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Hardwired for Life?

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Mark LaJoie Avatar
Mark LaJoie
Posted: 11.16.11, 04:33 AM
Doyle appeals to a first century philosopher, and the ideas of blame and responsibility. We know that there are genetic predispositions to certain moods and behaviors, and we know that environmental factors can cause epigenetic changes that can also chemically alter behavior. Combine the genetically determined trait of low impulse control , and a failure of emotional bonding by the age of three years, and you have a sociopath, who may become very manipulative, add a history of violence and you are very likely to get a serial killer. We need not even consider motives, blame, responsibility, when determining how to handle "offenders". We only need determine whether they committed an offense, and how to keep them from re-offending. Of course a thirst for vengeance is also a trait that has been selected for by evolution, so that reason is unlikely to be societies guide in such matters.
Andrew Atkin Avatar
Andrew Atkin
Posted: 10.04.10, 12:06 AM
That's right. how do the genes know how to respond to the environmental triggers? We are "obscenely" complex.
anne Avatar
anne
Posted: 08.21.10, 01:49 PM
Quote: Originally Posted by Andrew Atkin My favourite way of putting it: Your genes are the piano, and your environment is the pianist. The music is the manifestation. Of course the piano does not "verse" the pianist. maybe, but who writes the music? Re the CBT speaker - she says we can all change our behaviour - perhaps, but that behaviour does not necessarily reflect what is going on in the person - witness official and legislated conformity to human differences(racial/ religious/) but the real situation can emerge at times when these constraints are removed. I changed my behaviour at boarding school because there were punishments associated with not doing so, but this has affected my adult life in many ways that are damaging. Changing one's attitude to an event does not always mean that its effect will go away. The memories can't be erased. I was waiting for Stuart D. to get on to the most interesting part - if we do have some measure of free will what or who is in control? But you shortened this programme for the internet viewer at the most interesting point when perhaps someone might have asked this question.Did they?
Andrew Atkin Avatar
Andrew Atkin
Posted: 05.15.10, 05:59 AM
My favourite way of putting it: Your genes are the piano, and your environment is the pianist. The music is the manifestation. Of course the piano does not "verse" the pianist.
icouce Avatar
icouce
Posted: 05.15.10, 02:17 AM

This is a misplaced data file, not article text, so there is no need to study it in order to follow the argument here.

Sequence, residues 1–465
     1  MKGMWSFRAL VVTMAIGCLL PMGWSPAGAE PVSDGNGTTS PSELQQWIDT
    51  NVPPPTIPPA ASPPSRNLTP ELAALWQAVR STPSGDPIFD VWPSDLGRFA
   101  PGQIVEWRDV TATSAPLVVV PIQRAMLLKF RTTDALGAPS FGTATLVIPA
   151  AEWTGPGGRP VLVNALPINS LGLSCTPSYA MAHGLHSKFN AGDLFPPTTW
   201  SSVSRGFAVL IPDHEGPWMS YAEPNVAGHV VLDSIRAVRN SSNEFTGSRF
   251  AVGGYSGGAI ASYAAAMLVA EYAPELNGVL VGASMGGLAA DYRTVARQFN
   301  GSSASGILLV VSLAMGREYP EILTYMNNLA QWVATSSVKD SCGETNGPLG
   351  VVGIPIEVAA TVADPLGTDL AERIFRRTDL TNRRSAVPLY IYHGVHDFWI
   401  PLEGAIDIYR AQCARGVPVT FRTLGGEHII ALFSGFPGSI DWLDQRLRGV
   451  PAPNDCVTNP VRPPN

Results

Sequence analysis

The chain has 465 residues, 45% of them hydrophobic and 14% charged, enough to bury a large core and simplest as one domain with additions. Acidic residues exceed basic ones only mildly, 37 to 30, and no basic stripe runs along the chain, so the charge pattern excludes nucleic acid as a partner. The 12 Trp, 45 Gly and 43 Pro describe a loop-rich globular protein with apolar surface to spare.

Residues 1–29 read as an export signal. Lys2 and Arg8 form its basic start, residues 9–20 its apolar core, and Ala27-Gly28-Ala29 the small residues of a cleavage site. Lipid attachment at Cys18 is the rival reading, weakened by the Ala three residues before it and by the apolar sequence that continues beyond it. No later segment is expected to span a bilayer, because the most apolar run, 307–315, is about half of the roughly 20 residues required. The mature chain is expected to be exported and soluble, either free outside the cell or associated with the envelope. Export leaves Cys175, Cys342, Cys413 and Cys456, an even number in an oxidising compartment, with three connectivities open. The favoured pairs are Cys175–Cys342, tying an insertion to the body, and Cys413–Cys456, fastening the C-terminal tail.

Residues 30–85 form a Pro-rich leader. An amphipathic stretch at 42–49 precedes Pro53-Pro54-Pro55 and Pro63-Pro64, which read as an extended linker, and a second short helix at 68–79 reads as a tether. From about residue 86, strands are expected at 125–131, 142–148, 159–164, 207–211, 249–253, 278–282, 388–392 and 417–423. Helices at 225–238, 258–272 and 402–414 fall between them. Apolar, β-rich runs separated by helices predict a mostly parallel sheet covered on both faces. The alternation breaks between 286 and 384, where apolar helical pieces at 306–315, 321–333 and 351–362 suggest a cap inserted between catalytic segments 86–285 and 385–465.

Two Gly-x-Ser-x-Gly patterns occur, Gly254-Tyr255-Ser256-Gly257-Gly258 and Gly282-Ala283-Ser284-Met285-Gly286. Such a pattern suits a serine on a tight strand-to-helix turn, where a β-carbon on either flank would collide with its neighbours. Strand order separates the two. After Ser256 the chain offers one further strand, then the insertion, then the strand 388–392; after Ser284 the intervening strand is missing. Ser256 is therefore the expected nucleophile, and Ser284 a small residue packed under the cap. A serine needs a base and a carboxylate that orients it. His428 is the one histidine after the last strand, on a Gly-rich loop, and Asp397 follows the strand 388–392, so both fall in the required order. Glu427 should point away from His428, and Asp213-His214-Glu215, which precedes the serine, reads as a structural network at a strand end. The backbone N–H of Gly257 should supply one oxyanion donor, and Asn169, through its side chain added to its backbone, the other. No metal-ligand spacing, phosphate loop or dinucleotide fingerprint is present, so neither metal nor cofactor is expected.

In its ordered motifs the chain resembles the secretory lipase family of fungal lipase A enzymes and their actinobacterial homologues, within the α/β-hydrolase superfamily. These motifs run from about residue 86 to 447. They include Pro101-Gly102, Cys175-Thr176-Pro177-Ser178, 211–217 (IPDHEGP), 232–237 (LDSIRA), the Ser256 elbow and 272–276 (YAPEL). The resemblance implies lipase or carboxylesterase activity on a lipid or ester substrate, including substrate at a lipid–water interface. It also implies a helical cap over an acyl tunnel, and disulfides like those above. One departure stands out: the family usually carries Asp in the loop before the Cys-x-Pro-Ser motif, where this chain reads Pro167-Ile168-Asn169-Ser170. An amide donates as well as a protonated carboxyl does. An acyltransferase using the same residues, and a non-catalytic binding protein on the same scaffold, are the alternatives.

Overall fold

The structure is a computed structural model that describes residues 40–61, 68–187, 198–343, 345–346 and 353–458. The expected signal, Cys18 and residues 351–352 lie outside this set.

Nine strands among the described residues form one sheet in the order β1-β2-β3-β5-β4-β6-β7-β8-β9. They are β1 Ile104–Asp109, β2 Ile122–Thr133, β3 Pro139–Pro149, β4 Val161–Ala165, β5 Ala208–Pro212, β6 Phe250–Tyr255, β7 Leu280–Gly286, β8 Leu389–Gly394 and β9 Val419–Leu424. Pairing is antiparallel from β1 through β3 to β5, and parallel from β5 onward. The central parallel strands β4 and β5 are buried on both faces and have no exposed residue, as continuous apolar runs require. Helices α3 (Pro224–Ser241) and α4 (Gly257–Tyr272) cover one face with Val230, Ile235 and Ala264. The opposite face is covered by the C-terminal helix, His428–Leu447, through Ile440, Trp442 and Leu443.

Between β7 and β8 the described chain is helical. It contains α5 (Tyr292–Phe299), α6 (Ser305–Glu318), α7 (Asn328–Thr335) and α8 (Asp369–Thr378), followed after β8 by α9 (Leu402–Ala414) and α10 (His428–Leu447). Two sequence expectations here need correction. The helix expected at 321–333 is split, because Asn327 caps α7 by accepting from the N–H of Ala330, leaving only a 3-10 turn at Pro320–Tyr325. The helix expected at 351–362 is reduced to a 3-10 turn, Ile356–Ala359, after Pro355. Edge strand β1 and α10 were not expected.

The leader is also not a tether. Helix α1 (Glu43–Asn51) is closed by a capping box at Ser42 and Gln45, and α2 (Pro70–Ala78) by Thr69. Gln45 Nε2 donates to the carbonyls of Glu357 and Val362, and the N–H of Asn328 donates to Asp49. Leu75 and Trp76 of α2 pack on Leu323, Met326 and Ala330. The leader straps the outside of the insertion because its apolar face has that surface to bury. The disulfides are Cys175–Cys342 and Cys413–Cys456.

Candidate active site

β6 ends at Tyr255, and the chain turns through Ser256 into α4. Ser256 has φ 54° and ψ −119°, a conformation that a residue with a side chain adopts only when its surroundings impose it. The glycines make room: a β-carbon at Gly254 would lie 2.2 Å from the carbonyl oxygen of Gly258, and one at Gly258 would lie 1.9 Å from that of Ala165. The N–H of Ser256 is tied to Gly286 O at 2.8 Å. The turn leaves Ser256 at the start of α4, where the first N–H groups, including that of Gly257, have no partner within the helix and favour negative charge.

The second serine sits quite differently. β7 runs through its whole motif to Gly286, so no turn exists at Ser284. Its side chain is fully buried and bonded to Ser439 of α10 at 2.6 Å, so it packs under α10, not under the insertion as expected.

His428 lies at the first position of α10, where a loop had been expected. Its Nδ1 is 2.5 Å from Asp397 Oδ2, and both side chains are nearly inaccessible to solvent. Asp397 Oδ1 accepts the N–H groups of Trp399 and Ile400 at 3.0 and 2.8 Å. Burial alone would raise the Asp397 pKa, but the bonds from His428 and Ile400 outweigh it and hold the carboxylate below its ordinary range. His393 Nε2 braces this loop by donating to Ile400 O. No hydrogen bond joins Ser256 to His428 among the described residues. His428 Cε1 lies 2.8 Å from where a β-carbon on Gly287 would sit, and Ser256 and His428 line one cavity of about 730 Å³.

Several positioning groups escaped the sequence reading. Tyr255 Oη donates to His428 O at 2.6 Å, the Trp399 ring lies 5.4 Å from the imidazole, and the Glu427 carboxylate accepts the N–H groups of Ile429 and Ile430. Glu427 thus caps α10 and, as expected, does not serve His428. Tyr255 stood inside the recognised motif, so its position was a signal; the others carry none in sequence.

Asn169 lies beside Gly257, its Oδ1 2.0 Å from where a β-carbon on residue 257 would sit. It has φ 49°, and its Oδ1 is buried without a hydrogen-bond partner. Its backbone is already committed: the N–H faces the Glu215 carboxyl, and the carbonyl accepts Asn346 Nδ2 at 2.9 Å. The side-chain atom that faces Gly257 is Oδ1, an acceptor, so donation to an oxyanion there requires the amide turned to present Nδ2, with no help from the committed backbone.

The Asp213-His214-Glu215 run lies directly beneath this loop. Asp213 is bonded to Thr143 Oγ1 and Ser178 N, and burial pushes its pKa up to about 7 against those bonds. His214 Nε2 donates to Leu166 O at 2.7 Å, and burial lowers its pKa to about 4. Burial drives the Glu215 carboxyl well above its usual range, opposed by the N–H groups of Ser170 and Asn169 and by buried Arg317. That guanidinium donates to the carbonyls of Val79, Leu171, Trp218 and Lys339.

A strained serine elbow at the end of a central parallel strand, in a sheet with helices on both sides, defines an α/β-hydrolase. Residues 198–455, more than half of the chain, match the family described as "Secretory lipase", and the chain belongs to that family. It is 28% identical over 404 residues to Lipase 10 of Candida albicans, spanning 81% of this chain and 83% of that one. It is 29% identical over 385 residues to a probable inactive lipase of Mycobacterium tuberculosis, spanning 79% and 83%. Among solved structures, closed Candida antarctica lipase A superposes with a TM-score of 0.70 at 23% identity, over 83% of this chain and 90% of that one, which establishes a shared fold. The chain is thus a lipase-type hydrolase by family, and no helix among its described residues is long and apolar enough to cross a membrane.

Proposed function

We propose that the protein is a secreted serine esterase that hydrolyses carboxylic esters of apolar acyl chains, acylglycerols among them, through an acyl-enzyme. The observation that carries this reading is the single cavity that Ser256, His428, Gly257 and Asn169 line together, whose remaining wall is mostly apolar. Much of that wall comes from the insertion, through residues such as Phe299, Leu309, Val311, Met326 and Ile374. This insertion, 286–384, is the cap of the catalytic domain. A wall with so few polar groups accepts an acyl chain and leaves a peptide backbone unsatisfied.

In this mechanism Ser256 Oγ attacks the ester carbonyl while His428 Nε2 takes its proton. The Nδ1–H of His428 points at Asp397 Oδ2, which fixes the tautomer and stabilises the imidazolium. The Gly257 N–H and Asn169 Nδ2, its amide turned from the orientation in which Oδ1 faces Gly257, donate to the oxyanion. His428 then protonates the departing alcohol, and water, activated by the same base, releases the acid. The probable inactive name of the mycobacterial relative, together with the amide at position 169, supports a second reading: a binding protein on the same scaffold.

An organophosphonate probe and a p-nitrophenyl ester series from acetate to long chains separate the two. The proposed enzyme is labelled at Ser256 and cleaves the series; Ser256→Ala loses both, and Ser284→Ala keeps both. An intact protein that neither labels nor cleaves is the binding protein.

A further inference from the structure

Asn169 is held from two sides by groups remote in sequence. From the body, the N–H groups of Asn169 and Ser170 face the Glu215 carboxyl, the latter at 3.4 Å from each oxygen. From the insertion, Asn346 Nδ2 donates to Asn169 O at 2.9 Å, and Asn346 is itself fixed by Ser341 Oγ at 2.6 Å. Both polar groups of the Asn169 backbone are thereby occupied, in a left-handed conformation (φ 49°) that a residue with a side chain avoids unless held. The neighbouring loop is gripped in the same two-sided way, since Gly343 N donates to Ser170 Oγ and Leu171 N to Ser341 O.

I think it is absolutely telling that there is not one neurogeneticist, cognitive neuroscientist or developmental biologist on this panel. Instead, we have Mr. Bailey, a journalist; Jean Smith, a fundraiser; and Mr. Shenk, an author on subjects from chess to biology and social issues. They are all undoubtedly intelligent and capable people, but not experts in the crucial fields. The only scientists on the panel are two clinical psychologists, whom I am sure are very capable and distinguished as well. However, since the interplay of environment and biology is central to answering the question "Hardwired for Life," I find the exclusion of these three critical aforementioned scientific disciplines, and the exclusion of a scientist with a contrary view of the evidence, smacking of "ax grinding." The relationship between biology and environment is complex, but we are certainly not a "tabula rasa" and it's about time sociologists and their fellow travelers in the scientific community abandoned this outdated 18th century notion. Genetics does not "determine" behavior, but the interaction of genes with the environment do determine brain structures from which behavior springs; it is not pixie dust or some other extra-physical agent which is responsible. These brain structures are distinguishable and categorizable in as distinctive people, and as varied environments, as Arctic Inuit, Congo Pygmies, Amazonian Yananomi Indians, or Wall Street Investment Bankers. The plasticity of the brain, which what these arguments boil down to, is often exaggerated or misinterpreted for political purposes. Therefore, if the goal of the panel is a scientific elucidation of the subject on scientific terms for the layperson, then the contribution of neurogeneticists, cognitive neuroscientist or developmental biologist, and of similar experts holding a contrary viewpoint, is critical to our understanding. I suspect the purpose of this panel is something else. Dr. Derbyshire's defense of free will and human agency is glib, as is his downplay of human consciousness as an emergent phenomena. However, the rankest amateur, yours truly, realizes chemistry occurs in space and time. Therefore, the chemical reactions in the brain necessary for me to develop these thoughts and come up with this critique, as it is also necessary for his contribution, occur sometime in the past in relation to the instance in which I, or he, become “aware” of them as conscious thought. I think that this in not a settled question by a long shot. I also believe all other interpretations are contingent on this one, i.e., what is the nature of free will if decision-making is dependent on chemistry, which occurs in space and time subject to its laws. That is, what does it mean for a human being to make a decision if the chemistry involved must have necessarily occurred before he/she was aware of making a decision?